Distal scanning for microscopy applications can be performed either by scanning the fiber tip in the back image plane of the objective or by beam steering using micromirror technologies. Fiber scanning has been performed using piezo-electric devices [19–22

19. S. A. Boppart, B. E. Bouma, C. Pitris, G. J. Tearney, J. G. Fujimoto, and M. E. Brezinski, “Forward-imaging instruments for optical coherence tomography,” Opt. Lett. 22, 1618–1620 (1997). [CrossRef]

] or a balanced tuning fork and lever approach [23

23. A. L. Polglase, W. J. McLaren, S. A. Skinner, R. Kiesslich, M. F. Neurath, and P. M. Delaney, “A fluorescence confocal endomicroscope for in vivo microscopy of the upper- and the lower-GI tract,” Gastrointest. Endosc. 62, 686–695 (2005). [CrossRef] [PubMed]

]. Micro-electro-mechanical systems (MEMS) mirrors have been demonstrated for beam steering in confocal microscopy [24–28

24. D. L. Dickensheets and G. S. Kino, “Silicon-micromachined scanning confocal optical microscope,” J. Microelectromech. Syst. 7, 38–47 (1998). [CrossRef]

] and in OCT [29–36

29. Y. Pan, H. Xie, and G. K. Fedder, “Endoscopic optical coherence tomography based on a microelectromechanical mirror,” Opt. Lett. 26, 1966–1968 (2001). [CrossRef]

]. Most fiber scanning approaches require resonant scanning in order to generate sufficient deflection for a reasonable field of view. MEMS mirrors, on the other hand, can perform large angle scanning without resonance, which enables arbitrary scan patterns as well as features such as panning or image rotation. MEMS scanners can also be actuated on resonance to provide high speed raster scanning necessary for en face imaging. Furthermore, MEMS devices can operate reliably and with low power consumption, making them suitable for integration into in vivo imaging devices.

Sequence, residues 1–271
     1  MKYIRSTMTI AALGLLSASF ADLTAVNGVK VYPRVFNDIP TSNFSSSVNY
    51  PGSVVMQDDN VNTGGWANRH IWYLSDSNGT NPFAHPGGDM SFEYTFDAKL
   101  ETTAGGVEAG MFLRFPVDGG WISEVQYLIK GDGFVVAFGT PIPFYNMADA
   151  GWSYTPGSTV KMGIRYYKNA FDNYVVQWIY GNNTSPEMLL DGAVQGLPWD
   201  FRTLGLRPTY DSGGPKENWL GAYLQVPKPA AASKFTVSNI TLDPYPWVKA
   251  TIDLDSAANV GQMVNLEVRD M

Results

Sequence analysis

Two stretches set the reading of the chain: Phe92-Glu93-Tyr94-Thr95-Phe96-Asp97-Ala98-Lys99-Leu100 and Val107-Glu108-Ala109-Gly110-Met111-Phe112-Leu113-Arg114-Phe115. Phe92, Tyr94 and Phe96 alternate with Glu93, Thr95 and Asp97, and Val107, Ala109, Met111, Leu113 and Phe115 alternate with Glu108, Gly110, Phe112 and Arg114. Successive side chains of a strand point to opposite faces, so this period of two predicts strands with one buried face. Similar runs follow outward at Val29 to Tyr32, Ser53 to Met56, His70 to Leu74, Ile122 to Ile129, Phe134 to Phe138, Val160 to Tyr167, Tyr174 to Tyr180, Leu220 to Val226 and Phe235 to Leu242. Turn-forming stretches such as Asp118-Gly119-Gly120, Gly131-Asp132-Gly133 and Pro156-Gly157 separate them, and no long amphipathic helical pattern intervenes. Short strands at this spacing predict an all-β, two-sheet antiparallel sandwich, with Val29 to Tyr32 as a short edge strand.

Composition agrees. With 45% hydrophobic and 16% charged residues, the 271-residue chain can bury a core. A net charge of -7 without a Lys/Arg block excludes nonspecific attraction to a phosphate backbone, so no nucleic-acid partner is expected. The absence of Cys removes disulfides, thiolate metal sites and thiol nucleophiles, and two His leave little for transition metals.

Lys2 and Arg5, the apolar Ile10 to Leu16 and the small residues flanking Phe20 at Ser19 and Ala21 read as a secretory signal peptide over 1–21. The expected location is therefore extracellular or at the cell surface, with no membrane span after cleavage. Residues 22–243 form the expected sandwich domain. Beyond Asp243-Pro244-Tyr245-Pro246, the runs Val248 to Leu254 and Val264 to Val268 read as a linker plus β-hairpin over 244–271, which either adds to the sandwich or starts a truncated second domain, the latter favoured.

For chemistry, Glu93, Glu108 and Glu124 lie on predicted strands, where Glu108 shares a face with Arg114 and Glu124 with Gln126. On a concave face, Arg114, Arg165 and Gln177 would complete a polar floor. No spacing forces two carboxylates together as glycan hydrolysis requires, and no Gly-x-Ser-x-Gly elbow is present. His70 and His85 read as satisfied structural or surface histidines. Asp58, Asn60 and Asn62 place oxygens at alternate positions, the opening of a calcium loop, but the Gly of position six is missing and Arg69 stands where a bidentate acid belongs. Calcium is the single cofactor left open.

In this work, a two-dimensional MEMS scanning endoscope was developed and demonstrated for OCT imaging. The MEMS scanning mirror was capable of both DC and resonant operation and could produce arbitrary beam scan patterns, enabling cross-sectional, en face, and three-dimensional imaging. The integrated endoscope measured approximately 5 mm in diameter and produced a transverse spot size of ∼12 μm over an en face field of view of 1.8 mm x 1.0 mm. Using the miniaturized probe, ultrahigh resolution two and three-dimensional OCT imaging with < 5 μm axial resolution was demonstrated both in vivo and in vitro.

2. Catheter design and construction

A scanning electron micrograph of the MEMS optical scanner used in the OCT endoscope is shown in Fig. 1(a). A large 1 mm diameter mirror was driven by angular vertical comb (AVC) actuators, which provided large scan angles for the same comb dimensions compared to standard vertical comb actuators [37

37. P. R. Patterson, D. Hah, H. Nguyen, H. Toshiyoshi, R.-m. Chao, and M. C. Wu, “A scanning micromirror with angular comb drive actuation,” presented at Fifteenth IEEE International Conference on Micro Electro Mechanical Systems, 20-24 Jan. 2002, Las Vegas, NV, USA, 2002.

]. The comb fingers were self-aligned with a single etching step. The device was realized by combining a foundry surface-micromachining process (MUMPS) with a 3-mask deep-reactive-ion-etching (DRIE) post process. Surface micromachining provides versatile mechanical design and electrical interconnect while bulk micromachining offers flat micromirrors and high-force actuators. The scanner utilized torsion beams and a gimbal-mounting configuration to scan the MEMS mirror in two axes. This design had the advantage of combining the two scan axes to provide a true XY integrated scanner, with a single pivot point. The complete scanner die with the mirror and the actuators measured 3 mm x 3 mm square. Electrical interconnects are shown in Fig. 1(b). To achieve full scanner performance, application of four separate control signals was required, one for each of two sets of comb actuators on both the X and Y axes. Electrostatic actuators have a capacitive load and therefore draw very small amounts of current for low frequency actuations, generally less than 1 to 10 nA.

Fig. 1. Scanning electron micrograph (A) and electrical schematic (B) of the MEMS two-axis optical scanner. The scanner has a larger 1 mm diameter mirror and uses angled vertical comb (AVC) actuators to produce a large angle scan for high resolution imaging.